Serpentine Asbestos – 3cm long fibres

Once hailed as a “wonder mineral” for its fire, sound and heatproof properties, asbestos has become notorious for the terrible effects it can have on those who are exposed to it. Its long, flexible fibres can be woven into matting, mixed in with cement to make insulating boards, or teased into soft fluffy insulation. It was widely used throughout the late 19th century and most of the 20th century.

Even today, asbestos still poses a threat to health because it was used in many homes and public buildings. Fortunately, people are now aware of the risks and can use personal protective equipment when doing work like renovating and removing asbestos to avoid breathing in and touching the fibres.

Asbestos refers to a group of fibrous minerals, including “white asbestos” (chrysotile), “blue asbestos” (crocidolite) and “brown asbestos” (amosite). This sample is chrysolite, which forms in environments were ancient oceanic crust is metamorphosed and deformed. Although often much shorter, asbestos fibres can easily grow up to 3 cm long, like the ones in this specimen.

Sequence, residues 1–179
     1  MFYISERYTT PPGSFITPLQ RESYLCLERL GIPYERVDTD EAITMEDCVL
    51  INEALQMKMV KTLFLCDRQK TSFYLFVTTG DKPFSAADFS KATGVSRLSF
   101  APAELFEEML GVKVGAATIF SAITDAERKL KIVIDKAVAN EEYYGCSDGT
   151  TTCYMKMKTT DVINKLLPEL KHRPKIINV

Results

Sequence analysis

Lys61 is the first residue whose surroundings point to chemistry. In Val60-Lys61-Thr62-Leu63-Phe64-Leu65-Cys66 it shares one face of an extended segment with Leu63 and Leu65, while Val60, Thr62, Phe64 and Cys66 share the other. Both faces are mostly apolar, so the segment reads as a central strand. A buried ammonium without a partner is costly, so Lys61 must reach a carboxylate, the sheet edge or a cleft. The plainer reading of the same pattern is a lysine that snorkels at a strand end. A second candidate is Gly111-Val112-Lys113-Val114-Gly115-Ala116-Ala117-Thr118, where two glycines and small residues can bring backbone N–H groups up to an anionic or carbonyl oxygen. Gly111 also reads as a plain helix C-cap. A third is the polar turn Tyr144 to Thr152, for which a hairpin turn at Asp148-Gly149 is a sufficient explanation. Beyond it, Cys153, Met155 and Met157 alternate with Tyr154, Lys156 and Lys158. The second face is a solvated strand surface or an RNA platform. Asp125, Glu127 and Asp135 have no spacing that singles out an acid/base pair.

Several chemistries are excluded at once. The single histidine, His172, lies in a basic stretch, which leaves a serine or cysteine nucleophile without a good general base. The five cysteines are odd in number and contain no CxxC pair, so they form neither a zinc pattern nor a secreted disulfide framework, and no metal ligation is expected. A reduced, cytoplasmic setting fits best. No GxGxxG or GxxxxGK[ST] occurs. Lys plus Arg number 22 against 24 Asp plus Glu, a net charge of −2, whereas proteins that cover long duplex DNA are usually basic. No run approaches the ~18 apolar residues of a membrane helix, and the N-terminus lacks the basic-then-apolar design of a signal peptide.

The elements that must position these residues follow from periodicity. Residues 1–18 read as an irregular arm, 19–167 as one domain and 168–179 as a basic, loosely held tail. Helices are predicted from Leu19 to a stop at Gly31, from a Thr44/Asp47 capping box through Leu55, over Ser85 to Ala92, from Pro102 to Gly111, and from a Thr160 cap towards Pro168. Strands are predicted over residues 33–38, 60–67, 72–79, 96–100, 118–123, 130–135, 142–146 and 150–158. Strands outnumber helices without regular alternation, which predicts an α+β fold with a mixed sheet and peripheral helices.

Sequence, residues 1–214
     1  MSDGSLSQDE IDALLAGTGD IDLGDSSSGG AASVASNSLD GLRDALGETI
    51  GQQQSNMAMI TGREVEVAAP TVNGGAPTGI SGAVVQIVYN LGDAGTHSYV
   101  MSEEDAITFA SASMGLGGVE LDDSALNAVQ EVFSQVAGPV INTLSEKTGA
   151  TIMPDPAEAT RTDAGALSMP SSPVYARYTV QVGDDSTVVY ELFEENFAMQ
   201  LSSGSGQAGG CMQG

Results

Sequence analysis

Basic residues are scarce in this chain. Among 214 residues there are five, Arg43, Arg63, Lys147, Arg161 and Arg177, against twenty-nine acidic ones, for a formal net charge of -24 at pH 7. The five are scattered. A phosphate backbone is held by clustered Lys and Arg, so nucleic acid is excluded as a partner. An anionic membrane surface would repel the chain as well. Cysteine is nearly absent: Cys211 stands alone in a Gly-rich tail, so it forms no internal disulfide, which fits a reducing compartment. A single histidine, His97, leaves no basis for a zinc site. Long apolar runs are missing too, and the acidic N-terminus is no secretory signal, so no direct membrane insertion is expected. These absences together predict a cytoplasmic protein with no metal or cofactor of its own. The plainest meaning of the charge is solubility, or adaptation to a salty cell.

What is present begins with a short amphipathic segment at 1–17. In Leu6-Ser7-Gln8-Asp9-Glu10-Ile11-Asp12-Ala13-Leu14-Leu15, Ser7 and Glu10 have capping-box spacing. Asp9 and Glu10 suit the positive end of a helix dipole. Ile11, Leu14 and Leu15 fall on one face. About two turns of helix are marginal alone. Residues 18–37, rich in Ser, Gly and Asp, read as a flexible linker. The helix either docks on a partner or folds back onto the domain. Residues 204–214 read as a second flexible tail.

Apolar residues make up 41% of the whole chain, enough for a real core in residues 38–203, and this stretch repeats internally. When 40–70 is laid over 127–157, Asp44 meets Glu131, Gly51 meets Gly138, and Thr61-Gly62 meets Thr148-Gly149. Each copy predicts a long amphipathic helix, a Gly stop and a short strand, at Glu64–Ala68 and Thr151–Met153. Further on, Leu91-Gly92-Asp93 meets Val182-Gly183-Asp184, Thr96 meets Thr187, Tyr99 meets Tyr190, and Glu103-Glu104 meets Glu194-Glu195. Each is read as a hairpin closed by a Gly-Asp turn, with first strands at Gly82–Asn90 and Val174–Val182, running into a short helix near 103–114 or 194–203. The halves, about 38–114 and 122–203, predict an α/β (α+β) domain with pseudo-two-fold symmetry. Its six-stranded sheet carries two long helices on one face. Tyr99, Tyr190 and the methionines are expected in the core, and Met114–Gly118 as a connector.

This sample of chrysotile asbestos comes from the Cassiar Asbestos mine on McDame Mountain, just north of Cassiar in northwestern BC. The mine produced asbestos from 1951 to 1989, when ore reserves were depleted. Ore from mine stockpiles continued to be processed into the early 1990s. In total, over 60 million tonnes of ore were produced there over its 40-year lifespan. More recently, there has been interest in re-opening the mine to extract magnesium, but to date this hasn’t been successful.

The Cassiar townsite is now considered a ghost town, with most houses abandoned and pulled or burned down. At its peak in the 1950s to 1970s, the population was as high as 2,500, served by local newspapers like the Asbestos Sheet.

Jade, used for jewellery and other decorative objects, was also produced at the mine.

Specimen Information

Store: Association for Mineral Exploration (AME)


Accession #: AME 144

Primary Mineral: Asbestos

Secondary Mineral: 

Site Locality: Mt McDame

Location: Cassiar, British Columbia

Special Features: n/a

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